Printers of the future will have to learn to use social network technology to maintain an ongoing relationship with their customers. Social networking sites can be used to continue a dialog with customers, but it must be done on a regular basis. If a person isn’t very sociable or outgoing in the real world, he isn’t going to be social in the cyber world.
Some businesses are abandoning websites and concentrating on social network sites. Part of the reason is because it is free, but the successful social networking businesses see it as a way to have a continuing two-way conversation with their customers. Businesses hope that the viral marketing technique will help them identify their brand and get people to use their services. The combination of a Facebook page tied to a blog and tweets from Twitter can increase awareness of a company.
Social networking doesn’t generate printing—it generates leads. It raises awareness of your company and the services you can provide. It demonstrates that you understand the technology and know how to use it. Printers should integrate their social networking with their direct mail, telemarketing, and face-to-face sales calls to keep pressure on the marketplace. The biggest sin you can commit in social networking is to start it and forget it. You can’t be a wallflower in the digital world.
The hottest new thing in marketing is mobile marketing. Since more and more people are moving from their computer to a Smartphone to follow social networking and for Internet use in general, it is logical that businesses will want to reach those phones. That’s big news for printers because the link between the physical world and the Internet world is a printed Quick Response (QR) code. If you or your customer want to drive customers and prospects to specific sites on the Internet, you need to start including QR codes on everything you print. The upside is that all of your customers will need new marketing material printed to include the QR codes.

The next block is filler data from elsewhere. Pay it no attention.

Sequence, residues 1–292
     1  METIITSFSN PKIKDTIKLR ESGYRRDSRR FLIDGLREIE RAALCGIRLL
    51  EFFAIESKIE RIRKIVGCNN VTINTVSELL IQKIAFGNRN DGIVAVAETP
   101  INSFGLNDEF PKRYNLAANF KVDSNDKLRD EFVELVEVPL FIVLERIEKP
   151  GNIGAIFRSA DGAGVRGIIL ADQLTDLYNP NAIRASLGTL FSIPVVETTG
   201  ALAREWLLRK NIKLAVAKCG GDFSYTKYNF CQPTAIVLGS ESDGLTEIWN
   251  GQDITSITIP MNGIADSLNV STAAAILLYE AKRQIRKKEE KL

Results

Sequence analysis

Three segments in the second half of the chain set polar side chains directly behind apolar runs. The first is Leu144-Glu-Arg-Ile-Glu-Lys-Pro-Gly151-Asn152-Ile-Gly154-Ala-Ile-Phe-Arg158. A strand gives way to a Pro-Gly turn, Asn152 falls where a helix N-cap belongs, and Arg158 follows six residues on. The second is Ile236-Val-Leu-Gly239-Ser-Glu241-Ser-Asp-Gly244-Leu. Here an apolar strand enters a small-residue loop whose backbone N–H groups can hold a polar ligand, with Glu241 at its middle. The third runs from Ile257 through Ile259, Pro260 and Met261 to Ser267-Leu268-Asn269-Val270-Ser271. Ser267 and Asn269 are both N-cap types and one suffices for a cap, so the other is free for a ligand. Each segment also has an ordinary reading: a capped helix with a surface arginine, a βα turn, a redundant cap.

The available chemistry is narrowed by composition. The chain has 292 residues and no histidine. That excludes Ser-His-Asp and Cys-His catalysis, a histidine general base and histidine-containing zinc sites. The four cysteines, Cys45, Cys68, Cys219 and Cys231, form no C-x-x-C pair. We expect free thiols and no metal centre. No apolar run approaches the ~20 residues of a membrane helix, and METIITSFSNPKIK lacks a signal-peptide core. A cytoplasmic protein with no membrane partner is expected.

Email marketing has gotten more sophisticated with special programs such as iContact, VerticalResponse, EasyContact, and others that make managing an email campaign easier. A printer can start pushing information about the company through email. Newsletters, information, training, and other tips can become part of the automatic selling function of a company.
The conclusion is that printing isn’t dead; it is interactive. Printing no longer stands alone as a communication tool—it must be integrated with the Internet, email, mobile marketing, and social networking. Printers must know where printing fits into communication campaigns. The only way to know is for the printer to learn how to use the tools and to use them correctly.
If a printer can develop a strategy using print and new technology to get more leads and customers for his company, then it will become easier to sell the same services to his customers.
Quick printers used to be the source for convenience copies and forms, but that business is disappearing. Now much of the printing done revolves around marketing material and customer communication. Mailing has become an important product for most quick printers. Quick printers are going to become experts in the communication aspect of marketing and help customers reach their customers. Print remains a powerful tool for brand building as well as direct marketing.